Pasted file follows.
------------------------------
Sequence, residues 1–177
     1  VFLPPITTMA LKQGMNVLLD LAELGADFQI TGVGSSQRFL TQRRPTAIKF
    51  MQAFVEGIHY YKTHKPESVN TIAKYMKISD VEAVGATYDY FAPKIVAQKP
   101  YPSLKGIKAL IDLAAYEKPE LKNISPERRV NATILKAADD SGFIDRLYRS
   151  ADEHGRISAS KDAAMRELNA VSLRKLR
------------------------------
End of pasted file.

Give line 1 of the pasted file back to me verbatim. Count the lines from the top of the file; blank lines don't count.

Sequence, residues 1–177